Facts about the Growth of Clivias

Nicholas Primich
October 2000


It is not given to man to know everything, but he can certainly attain a far higher level of information if he applies himself. Your two botanists, who claimed to be unaware of how this phenomenon of horizontal, instead of vertical striping occurred, were just not inclined to go to the literature to find out exactly how it happens.

 In 1998 I attempted by transliteration to present to our members a clearer understanding of the behavior of variegation in clivia. That I did not succeed became obvious to me when people spoke to me afterwards about it and told me they could understand nothing of what I was writing about. Perhaps if I practiced it more often, I would develop a clearer and more readily understood style of writing. I will attempt to do so, and if there is anything I say that is not clear and readily understood, please let me know and I will rephrase it until it is understood.

In our clivia, the main growth comes from the apical meristem. Here leaves are generated on a regular basis, with flowers being formed every fourth leaf or so. The meristem is inside the bulb of the clivia. Some people call it an imperfect bulb. I cannot see its imperfection, so I call it a bulb as it works very well. True, it has no basal plate, but having the rhizomatous rootstock serves its purpose as it does not require an organ of perennuation. When a leaf is generated it is very small and only partially formed. As these leaves are formed the rhizomatous rootstock, which is the woody part where the roots come out, elongates. You will probably tell me rubbish, the clivia miniata stays the same length, it is the caulescens that elongates. But take your miniata out of the ground, clean it off and examine the rhizomatous rootstock carefully. Underneath you will see there is an area where attrition occurs, and it almost seems as if termites were gnawing the base off. I don't pretend to know what gnaws it off, but something does as the rhizome pulls itself into the ground with its new roots. This is quite common with bulbs and easily seen with the gladiolus. When new roots form they do not form at the bottom, but at the top of the rootstock.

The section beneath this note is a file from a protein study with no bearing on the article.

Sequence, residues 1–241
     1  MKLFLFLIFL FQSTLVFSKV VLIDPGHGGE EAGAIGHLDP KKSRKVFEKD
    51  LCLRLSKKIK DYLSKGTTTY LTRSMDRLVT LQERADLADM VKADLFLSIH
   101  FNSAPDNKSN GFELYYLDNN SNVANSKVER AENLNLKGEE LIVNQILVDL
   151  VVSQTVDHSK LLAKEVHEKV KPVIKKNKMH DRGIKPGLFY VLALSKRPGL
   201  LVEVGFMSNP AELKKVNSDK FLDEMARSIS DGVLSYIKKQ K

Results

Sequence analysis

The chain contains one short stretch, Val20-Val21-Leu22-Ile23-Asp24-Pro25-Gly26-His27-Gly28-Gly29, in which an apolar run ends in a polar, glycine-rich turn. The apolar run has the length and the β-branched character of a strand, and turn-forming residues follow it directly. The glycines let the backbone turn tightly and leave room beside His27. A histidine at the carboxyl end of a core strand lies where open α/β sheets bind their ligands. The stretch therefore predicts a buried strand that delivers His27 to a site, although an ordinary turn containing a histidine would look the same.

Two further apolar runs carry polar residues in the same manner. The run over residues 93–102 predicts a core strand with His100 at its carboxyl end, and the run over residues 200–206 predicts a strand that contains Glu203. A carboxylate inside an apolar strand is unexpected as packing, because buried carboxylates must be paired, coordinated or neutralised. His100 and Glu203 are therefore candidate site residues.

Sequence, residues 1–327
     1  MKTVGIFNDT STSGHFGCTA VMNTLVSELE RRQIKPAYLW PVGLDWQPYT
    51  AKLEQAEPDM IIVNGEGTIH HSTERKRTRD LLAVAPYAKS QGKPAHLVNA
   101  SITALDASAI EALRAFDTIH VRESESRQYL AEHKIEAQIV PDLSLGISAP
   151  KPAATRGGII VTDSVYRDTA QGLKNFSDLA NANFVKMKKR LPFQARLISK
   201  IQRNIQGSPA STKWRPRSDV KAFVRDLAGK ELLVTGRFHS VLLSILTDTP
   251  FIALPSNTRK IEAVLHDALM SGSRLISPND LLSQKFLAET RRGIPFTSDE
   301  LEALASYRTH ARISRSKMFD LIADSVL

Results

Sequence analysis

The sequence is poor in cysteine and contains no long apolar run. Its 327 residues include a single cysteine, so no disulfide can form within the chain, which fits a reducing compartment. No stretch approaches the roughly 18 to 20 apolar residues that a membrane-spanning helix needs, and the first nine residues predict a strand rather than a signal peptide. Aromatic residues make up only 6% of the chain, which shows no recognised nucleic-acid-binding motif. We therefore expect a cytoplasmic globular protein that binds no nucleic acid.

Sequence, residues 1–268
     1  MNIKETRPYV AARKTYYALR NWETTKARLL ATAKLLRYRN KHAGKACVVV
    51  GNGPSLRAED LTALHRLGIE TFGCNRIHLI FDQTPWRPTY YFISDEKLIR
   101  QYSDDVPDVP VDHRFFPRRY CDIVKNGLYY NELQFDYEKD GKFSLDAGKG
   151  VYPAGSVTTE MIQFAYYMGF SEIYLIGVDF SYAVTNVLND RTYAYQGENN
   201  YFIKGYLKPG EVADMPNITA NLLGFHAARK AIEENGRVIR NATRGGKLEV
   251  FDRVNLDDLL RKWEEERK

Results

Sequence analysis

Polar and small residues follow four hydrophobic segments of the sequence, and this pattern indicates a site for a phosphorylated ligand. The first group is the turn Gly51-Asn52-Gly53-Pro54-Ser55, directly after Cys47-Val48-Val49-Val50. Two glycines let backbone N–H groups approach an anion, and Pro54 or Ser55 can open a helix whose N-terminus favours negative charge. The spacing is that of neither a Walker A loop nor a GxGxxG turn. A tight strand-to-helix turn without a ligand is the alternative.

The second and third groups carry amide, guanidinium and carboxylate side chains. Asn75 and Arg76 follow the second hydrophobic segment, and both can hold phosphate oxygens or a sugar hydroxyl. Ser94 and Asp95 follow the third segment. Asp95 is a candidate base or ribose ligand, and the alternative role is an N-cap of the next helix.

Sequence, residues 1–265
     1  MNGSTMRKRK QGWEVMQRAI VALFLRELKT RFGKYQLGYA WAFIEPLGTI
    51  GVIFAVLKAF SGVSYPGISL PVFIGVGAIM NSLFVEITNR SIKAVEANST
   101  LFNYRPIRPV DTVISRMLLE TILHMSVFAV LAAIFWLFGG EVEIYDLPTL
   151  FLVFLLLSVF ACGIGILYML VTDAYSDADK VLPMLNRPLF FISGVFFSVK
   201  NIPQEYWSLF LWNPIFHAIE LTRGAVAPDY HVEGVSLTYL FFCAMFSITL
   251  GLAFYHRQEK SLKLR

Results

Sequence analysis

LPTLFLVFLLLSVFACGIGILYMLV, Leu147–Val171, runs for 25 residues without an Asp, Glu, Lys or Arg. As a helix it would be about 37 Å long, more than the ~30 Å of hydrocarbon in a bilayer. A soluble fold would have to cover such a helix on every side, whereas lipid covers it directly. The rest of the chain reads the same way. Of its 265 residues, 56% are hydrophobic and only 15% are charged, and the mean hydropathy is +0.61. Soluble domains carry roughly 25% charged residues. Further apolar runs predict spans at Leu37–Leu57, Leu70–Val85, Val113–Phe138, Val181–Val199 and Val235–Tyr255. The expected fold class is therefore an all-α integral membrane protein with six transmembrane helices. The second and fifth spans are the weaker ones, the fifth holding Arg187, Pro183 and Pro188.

Now a plant has several methods of growth. By growth I mean getting bigger. Firstly a miniature organ is formed, what is known as a primordium. Then, when the time is ripe this organ is pumped up much as a football bladder. Each cell is enlarged as much as ten times or more. Another method is somatic division of cells. Somatic means of the body without the germ cells. This is the normal growth division where one cell will split into two diploid cells. These cells are also known as meristem cells and are not found in certain parts of the plant. We are dealing with a monocot, and monocots have meristem tissue in the apical meristem, in the rhizomatous rootstock below the apical growth point, at the root tips, and also at certain positions on the root where a secondary root may branch off. There are also meristem cells in the leaf, both in the cuticle and in the mesophyll. In other words, without meristem there can be no new growth, no new cells are formed.

OK for now. Let me know if this is simple and plain enough. If anyone disagrees with what I have said, let him or her be heard. I am a human, and fragile and fallible. I welcome corrections.

Then if you wish to go on we can get into cells and variegation. It is up to you.